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Oxford School of Photography
insights into photography
Tag Archives: Grand Canyon
Photography tutorials, links and interesting bits August 2012
August 20, 2012Posted by on
We do try to get these out before the weekend but last weekend the sun came calling before Saturday so you can delve into these at work rather than on the beach or in your garden. Much better use of your time at work I think. here again from Toad Hollow Photography via Lightstalking
A wonderful week in the field of photography has passed once again, and Toad Hollow Photography has been searching high and low for the best links to tutorials, great photography and interesting links to share with everyone. These inspirational and beautiful pieces are some of the best seen this week, and the Toad really hopes you enjoy viewing them as much as he did in bringing them to you.
It’s time to go, the time is right by broo_am, on Flickr
At 3:45 am on a quiet Sunday morning the alarm clock went off and the Toad sprung to action. An extensive blue hour shoot was scheduled with an exotic supercar, and he couldn’t be late! The resulting collection of photographs is featured in his blog post “Blue Jet: Corvette Grand Sport“.
Here is just a taste of what is on offer from Toad
Bird Photography Tips | How to Photograph Birds Like a Pro – a great set of tips and techniques is discussed for photographing wildlife in general, and specifically birds. This is a thoughtful post that contains really useful information for the avid bird photographer.
How to Process 32bit HDR images in Lightroom 4.1 – A.D. Wheeler creates a brief video tutorial that shows the visitor how to work back and forth between Photomatix and Lightroom to achieve the best quality image possible from the workflow.
The King’s Gate at Kastellet – this is a jaw-droppingly good photograph of a remarkable location in Copenhagen, Denmark. Jim Nix photographs this historic site and by exploiting a perfect composition, Jim captures a great image complete with natural leading lines in the architecture and surrounding details that are brought together with a great vanishing point.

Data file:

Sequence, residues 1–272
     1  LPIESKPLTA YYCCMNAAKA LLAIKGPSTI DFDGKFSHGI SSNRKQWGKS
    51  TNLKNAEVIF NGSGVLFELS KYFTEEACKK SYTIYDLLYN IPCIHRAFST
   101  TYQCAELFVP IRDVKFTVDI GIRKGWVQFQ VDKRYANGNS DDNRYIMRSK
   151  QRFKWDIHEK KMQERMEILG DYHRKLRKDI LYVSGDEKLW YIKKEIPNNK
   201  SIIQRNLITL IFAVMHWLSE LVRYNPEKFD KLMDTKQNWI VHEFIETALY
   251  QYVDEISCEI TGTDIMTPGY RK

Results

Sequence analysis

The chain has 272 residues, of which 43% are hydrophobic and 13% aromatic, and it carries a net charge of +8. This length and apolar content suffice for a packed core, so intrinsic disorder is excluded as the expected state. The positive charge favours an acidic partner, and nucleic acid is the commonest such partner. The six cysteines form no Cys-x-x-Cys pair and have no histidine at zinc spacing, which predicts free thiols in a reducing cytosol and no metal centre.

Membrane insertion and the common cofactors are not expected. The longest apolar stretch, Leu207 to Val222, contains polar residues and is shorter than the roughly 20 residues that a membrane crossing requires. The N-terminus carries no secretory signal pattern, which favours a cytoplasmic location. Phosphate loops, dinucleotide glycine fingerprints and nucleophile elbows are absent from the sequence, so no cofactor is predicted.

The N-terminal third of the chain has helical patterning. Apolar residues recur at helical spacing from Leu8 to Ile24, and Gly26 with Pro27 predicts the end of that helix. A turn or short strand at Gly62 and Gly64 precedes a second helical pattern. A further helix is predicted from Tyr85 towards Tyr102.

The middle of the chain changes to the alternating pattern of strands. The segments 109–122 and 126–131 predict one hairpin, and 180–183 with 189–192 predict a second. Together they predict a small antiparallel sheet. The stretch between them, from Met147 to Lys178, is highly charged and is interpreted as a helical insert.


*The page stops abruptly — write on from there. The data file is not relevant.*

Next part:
Steady Hand – an absolutely epic scene is captured by Jerry Denham, full of mystery and shadowplay. As a fisherman makes his way through a fog enshrouded setting along the Little Tennessee River, Jerry takes the opportunity to create a great visual story through his art.
Canyon’s Edge – a gorgeous landscape taken in the Grand Canyon is displayed here in this post by Jason Hines. Great natural light paints the scene with a deep backdrop of the canyon that appears to go on forever. This image contains many layers, each revealing their own secrets.
Click Here: More Photography Links That Are Made of Win
Gigapixel the Gigapan revolution, photography Jim but not as you know it
September 9, 2011Posted by on
A gigapixel is an image 100 times larger than that produced by an average 10 megapixel camera. Sounds astonishing, a file so huge that you can zoom into an image of a crowds as large as say the US Presidential inauguration and see every face.
These two pictures are from the same image just zoomed in!
This is a really fascinating prospect, that allows examination of a picture at perfect resolution. Perhaps it is city scapes that float your boat in which case a canvas so huge that you can see the whole vista and then zoom into to see single rooms
OK so now you are interested.
These astonishing images are created using a bit of kit from Gigapan, these are holders that take your camera and move it in a precise manner to enable you to capture any number of images and then stitches them together to make one image. You define your top left point and your bottom right point of what you want included and let it do it’s stuff. It moves and presses the shutter release, overlapping each frame enough to allow it to stick them together seamlessly. It really is remarkable. The images are so huge that to appreciate them you need to view them on screen so that you can zoom in and pan around. A print, however huge would just not do it justice.
The website for Gigapan is very informative with lots of advice and tutorials, so an good place to start investigating. The gigapan contraption can take a wide range of camera types from compacts to dslrs. The gigapan site has a gallery that shows work already done by enterprising photographers, here is a link to the most popular
You really do have to go and have a play with these images, this site is a series of images from Vancouver and here you can wander around the Grand Canyon looking at individual rocks and bushes
This really is so much fun, do go and have a look
Now there is a new development that takes the whole thing to another level. Gigalinc is an “immersive photography” project by University of Lincoln student Samuel Cox that allows people to explore gigapixel photographs on a giant display using arm movements and hand gestures.Using an Xbox Kinect sensor for motion detection and a large cinema display, the resulting user interface is strikingly similar to the interface Tom Cruise uses in Minority Report. You can watch the video on how this works here